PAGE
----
Science & Articles >> BRUSHING & FLOSSING, GINGIVITIS, MEDICAL CONDITIONS

Why do my gums bleed? What it means & how to stop it

Find out the common causes of bleeding gums and some that might surprise you.

If someone’s hands started bleeding when they washed them, they would panic instantly. Inside their head, alarms would be ringing, “do I have an infection?”, “Am I sick?”, “Should I see a doctor?” and they would be right to ask these questions since it is not normal for your hands to start bleeding when you wash them.
It also is not normal for your gums to bleed when you brush your teeth.
Do your gums bleed because you have an infection? Is it because you’re brushing too hard? Maybe both, maybe neither. Let’s explore a few reasons your gums could be bleeding when you brush your teeth.

Hormones

Women are likely to experience bleeding when brushing due to cyclical hormone fluctuations. One prime example is pregnancy. When a woman is pregnant, her progesterone levels rise[1], which can cause pregnancy gingivitis. Progesterone also rises during a woman’s menstrual cycle, so she is likely to experience bleeding then as well. While men may not experience hormonal bursts of oral cavity bleeding as adults, they did as teenagers[1]. Puberty causes hormonal fluctuations which result in increased systemic blood flow. This results in increased blood flow to the gums making them more prone to bleeding[1].

Calculus/tartar buildup

If one is not brushing or flossing regularly, they will begin to get tartar (or calculus) build up on their teeth. This calculus can also build up underneath the gums and harbors plaque and bacteria further irritating the tissues. If one has light build-up and plaque on their teeth and is experiencing bleeding, they likely have gingivitis, inflammation of the gums. If the tartar is already underneath the tissues and has made its way to the supporting bone of the teeth, they have periodontal disease and will need a deep cleaning followed by regular cleanings to keep their teeth clean and to prevent further bleeding in the oral cavity.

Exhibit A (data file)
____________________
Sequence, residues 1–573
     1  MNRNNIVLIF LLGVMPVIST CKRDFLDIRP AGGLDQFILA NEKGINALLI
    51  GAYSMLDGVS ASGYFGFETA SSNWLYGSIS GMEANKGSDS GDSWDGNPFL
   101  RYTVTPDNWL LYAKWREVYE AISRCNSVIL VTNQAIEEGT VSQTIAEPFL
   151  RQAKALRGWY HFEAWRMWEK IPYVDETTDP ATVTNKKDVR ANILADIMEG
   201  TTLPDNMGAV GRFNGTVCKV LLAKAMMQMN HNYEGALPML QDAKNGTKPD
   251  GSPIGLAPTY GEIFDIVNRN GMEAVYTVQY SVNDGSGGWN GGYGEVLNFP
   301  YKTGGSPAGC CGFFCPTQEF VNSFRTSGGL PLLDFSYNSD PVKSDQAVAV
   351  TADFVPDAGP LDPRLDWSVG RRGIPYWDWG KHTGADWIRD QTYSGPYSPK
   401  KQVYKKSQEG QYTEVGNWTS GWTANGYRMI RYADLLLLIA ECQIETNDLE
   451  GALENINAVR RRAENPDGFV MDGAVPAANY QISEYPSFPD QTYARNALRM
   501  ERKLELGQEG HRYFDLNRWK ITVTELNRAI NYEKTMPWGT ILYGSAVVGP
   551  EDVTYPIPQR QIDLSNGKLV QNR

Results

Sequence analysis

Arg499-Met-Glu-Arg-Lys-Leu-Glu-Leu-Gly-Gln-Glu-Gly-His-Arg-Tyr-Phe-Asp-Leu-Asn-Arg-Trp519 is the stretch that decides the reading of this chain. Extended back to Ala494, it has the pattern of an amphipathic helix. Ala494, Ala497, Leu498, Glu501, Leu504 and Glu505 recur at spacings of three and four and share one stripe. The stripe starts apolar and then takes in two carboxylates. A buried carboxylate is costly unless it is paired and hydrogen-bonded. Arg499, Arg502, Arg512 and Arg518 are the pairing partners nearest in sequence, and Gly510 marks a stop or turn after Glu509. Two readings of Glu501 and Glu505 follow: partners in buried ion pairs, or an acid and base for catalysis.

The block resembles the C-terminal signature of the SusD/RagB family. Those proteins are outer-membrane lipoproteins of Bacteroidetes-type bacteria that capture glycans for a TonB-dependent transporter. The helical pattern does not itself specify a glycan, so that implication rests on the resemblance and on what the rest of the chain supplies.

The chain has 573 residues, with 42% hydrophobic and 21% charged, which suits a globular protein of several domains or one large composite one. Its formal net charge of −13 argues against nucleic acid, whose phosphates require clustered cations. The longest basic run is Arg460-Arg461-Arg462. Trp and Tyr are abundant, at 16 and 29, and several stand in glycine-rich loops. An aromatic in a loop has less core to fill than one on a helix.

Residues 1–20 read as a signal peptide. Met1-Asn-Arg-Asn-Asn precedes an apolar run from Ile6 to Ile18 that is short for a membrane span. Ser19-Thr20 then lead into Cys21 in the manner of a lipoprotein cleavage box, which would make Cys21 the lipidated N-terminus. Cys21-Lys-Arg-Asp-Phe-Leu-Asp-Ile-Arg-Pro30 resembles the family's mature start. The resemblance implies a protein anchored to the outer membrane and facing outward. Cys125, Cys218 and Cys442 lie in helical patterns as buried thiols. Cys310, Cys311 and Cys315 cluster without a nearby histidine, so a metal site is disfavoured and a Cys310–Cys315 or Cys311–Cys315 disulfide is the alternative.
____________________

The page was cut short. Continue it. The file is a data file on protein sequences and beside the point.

Restorations

If one has crowns or large fillings, one may also be susceptible to bleeding when brushing or flossing. This is because the margins of crowns can be sneaky places for plaque to hide or food to get trapped. This is also true of large fillings which can make it difficult to floss or remove any plaque or debris that may get trapped or lodged in between the teeth. The plaque, food, and debris that are not removed irritate the tissues and cause them to swell and bleed.

Aggressive Brushing

People often think the harder they brush the cleaner their teeth will be, but nothing could be further from the truth. Aggressive brushing only leads to dental issues like gum recession, gum irritation, and the loss of tooth enamel. When brushing, it is important to brush in soft circles with a soft toothbrush and not side to side as the scrubbing motion is too aggressive to the gums.

Bleeding in the oral cavity is always a cause for concern and should always be taken seriously. The body is incredibly smart and when it tries to tell you something, you should listen!

Esmy Ornelas

Esmy Ornelas is a registered Dental Hygienist, writer, educator, and consultant with 10 years of experience in dentistry. She is passionate about education, empowering hygienists to advance their careers in and out of the operatory, and about community. She has written for RDH Magazine, the RDH Graduate, and is a full-time professor of Dental Hygiene and Assisting at Rose State College in Oklahoma.

References

  1. Grover, C. M., More, V. P., Singh, N., & Grover, S. (2014). Crosstalk between hormones and oral health in the mid-life of women: A comprehensive review. Journal of International Society of Preventive & Community Dentistry, 4(Suppl 1), S5–S10. https://doi.org/10.4103/2231-0762.144559